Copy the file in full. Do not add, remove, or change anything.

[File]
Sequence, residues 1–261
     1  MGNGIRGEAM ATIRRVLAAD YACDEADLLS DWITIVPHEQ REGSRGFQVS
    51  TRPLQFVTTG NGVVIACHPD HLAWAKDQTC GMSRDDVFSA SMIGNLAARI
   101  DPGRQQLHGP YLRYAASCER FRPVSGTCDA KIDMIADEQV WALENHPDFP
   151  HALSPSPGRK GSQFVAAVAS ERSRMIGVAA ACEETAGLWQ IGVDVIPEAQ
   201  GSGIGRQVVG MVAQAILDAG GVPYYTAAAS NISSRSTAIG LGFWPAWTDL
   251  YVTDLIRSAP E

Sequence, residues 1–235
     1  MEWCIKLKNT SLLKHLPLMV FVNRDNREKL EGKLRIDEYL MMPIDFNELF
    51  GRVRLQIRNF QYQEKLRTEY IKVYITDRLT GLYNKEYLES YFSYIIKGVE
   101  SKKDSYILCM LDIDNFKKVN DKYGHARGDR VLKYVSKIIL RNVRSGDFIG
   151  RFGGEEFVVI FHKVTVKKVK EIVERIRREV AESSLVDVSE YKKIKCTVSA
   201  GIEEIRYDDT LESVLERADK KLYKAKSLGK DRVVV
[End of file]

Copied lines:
Sequence, residues 1–261
     1  MGNGIRGEAM ATIRRVLAAD YACDEADLLS DWITIVPHEQ REGSRGFQVS
    51  TRPLQFVTTG NGVVIACHPD HLAWAKDQTC GMSRDDVFSA SMIGNLAARI
   101  DPGRQQLHGP YLRYAASCER FRPVSGTCDA KIDMIADEQV WALENHPDFP
   151  HALSPSPGRK GSQFVAAVAS ERSRMIGVAA ACEETAGLWQ IGVDVIPEAQ
   201  GSGIGRQVVG MVAQAILDAG GVPYYTAAAS NISSRSTAIG LGFWPAWTDL
   251  YVTDLIRSAP E

Sequence, residues 1–235
     1  MEWCIKLKNT SLLKHLPLMV FVNRDNREKL EGKLRIDEYL MMPIDFNELF
    51  GRVRLQIRNF QYQEKLRTEY IKVYITDRLT GLYNKEYLES YFSYIIKGVE
   101  SKKDSYILCM LDIDNFKKVN DKYGHARGDR VLKYVSKIIL RNVRSGDFIG
   151  RFGGEEFVVI FHKVTVKKVK EIVERIRREV AESSLVDVSE YKKIKCTVSA
   201  GIEEIRYDDT LESVLERADK KLYKAKSLGK DRVVV